Jason Imi Wiki
Jason Imi Biography
Who was Jason Imi ?
The son of a police officer who killed two men while driving drugs is being sued for more than £ 200,000 by one of his families.
Max Coopey, then 17, was behind the wheel of his father’s sports car, Metropolitan Police Sgt., On August 2, 2018 when he collided with sales manager Jason Imi, 48, and his colleague John Shackley. , of 61.
The couple, who had been walking back to their hotel after a night of work with their IT company, were thrown off the roof of the vehicle and died the moment they hit the ground.
Cause of Death
Mr Coopey, from Ascot, Berkshire, where he lived in his parents’ £ 1 million home, was driving while over the cannabis limit and had only passed his driving test two months earlier.
He had also been arrested for driving with drugs just eight weeks before the accident and had five prior convictions for seven crimes, including common assault when he was only 12 years old in December 2013, robbery when he was 13 years old in March 2015, and handling stolen property. when I was 14 years old.
Although he was arrested on suspicion of causing death by dangerous driving, a police investigation concluded that Coopey was not responsible for the men’s deaths.
However, in March 2020, a medical examiner said that she could not be sure, beyond a reasonable doubt, that Coopey was speeding or that the drugs in his system affected his driving.
The investigation heard evidence that the teenager would not have been able to see the men until one second before impact, making the collision inevitable.
A Thames Valley Police investigation concluded that Mr. Coopey was not responsible for the men’s deaths and was charged solely with driving drugs.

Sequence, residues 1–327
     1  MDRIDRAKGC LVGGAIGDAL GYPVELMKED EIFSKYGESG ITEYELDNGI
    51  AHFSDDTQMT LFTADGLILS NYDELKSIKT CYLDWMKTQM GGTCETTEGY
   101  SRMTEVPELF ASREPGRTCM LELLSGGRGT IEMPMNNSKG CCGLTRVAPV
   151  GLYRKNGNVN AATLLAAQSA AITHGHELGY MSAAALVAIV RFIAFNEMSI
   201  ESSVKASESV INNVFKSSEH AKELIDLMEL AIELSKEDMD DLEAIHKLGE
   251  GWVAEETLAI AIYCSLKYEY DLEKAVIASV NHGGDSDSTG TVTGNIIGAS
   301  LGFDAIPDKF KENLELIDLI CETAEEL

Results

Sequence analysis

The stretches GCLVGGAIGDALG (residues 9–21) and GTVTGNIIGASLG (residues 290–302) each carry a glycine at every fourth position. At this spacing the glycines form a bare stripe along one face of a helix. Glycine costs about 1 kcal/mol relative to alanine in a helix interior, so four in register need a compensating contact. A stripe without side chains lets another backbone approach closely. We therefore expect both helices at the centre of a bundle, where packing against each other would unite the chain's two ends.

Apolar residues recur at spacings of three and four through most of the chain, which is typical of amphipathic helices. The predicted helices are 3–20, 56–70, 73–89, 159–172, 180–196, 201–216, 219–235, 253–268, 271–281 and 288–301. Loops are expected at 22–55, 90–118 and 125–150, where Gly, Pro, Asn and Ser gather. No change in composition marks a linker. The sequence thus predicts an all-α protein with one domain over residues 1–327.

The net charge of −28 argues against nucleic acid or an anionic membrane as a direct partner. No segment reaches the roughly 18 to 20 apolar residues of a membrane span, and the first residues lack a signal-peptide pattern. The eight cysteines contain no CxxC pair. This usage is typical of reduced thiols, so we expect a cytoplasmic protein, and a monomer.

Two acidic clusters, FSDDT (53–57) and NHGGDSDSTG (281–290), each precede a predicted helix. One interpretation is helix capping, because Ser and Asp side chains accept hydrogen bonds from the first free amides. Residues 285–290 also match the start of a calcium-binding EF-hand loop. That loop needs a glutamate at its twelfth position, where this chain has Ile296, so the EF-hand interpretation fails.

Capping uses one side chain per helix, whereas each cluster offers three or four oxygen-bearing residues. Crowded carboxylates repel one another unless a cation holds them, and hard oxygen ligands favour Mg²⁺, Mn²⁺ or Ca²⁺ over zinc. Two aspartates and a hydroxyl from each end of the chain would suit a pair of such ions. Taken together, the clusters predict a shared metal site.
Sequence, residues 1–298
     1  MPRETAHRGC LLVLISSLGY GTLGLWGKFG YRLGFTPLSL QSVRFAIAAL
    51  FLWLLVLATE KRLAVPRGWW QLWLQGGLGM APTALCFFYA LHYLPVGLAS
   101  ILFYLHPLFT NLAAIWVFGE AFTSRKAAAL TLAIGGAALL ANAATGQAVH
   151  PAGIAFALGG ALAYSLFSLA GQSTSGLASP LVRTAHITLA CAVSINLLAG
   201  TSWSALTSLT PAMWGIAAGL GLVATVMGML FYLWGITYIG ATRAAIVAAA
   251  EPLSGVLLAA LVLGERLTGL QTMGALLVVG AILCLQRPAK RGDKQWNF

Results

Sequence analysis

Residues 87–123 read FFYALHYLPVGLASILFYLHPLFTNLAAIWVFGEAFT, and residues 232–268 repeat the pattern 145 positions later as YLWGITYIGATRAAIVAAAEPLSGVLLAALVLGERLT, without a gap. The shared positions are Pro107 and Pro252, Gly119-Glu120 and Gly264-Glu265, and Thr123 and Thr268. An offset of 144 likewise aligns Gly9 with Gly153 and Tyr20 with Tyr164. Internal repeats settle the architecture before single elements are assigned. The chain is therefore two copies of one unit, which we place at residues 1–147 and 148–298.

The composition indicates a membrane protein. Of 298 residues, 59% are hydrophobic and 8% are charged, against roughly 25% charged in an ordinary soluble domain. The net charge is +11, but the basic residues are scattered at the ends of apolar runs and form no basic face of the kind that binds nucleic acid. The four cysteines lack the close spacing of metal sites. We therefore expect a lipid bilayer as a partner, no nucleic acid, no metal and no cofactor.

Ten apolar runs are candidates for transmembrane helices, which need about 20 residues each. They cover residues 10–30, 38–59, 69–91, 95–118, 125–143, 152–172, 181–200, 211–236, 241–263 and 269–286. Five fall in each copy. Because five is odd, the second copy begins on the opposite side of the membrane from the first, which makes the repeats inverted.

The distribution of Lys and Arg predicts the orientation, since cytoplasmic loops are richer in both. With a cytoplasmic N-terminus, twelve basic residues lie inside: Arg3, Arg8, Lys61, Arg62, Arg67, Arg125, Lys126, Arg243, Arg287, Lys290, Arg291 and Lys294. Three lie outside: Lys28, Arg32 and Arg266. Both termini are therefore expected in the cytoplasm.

The magistrates saved Mr Coopey from jail when he appeared in court and imposed costs of £ 105 which they said his parents could afford, but that the teenager would have to do housework to compensate him.
However, Mr. Imi’s wife Sarah has filed a civil action against Mr. Coopey to obtain compensation for the death of her husband, who leaves behind three children.
It was understood that Mr. Shackley’s family is also suing.
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Court documents filed in London County Court by Ms Imi’s lawyers say Mr Coopey was ‘driving under the influence of cannabis and opiates’ when he struck the two men while driving east from Ascot to Virginia Water.
Mr. Coopey was driving his two friends home after spending the night driving and smoking cannabis when the accident occurred around 11:30 p.m. He had received strict instructions from Sergeant Coopey to return home before midnight.
The now 20-year-old was ‘negligent’ because he failed to maintain proper vigilance, drove too fast and drove with low beams instead of high beams, according to the details of the claim form.
Having observed the pedestrians, he continued, ‘He couldn’t slow down. He couldn’t veer off to the side. He has not been able to sound his horn.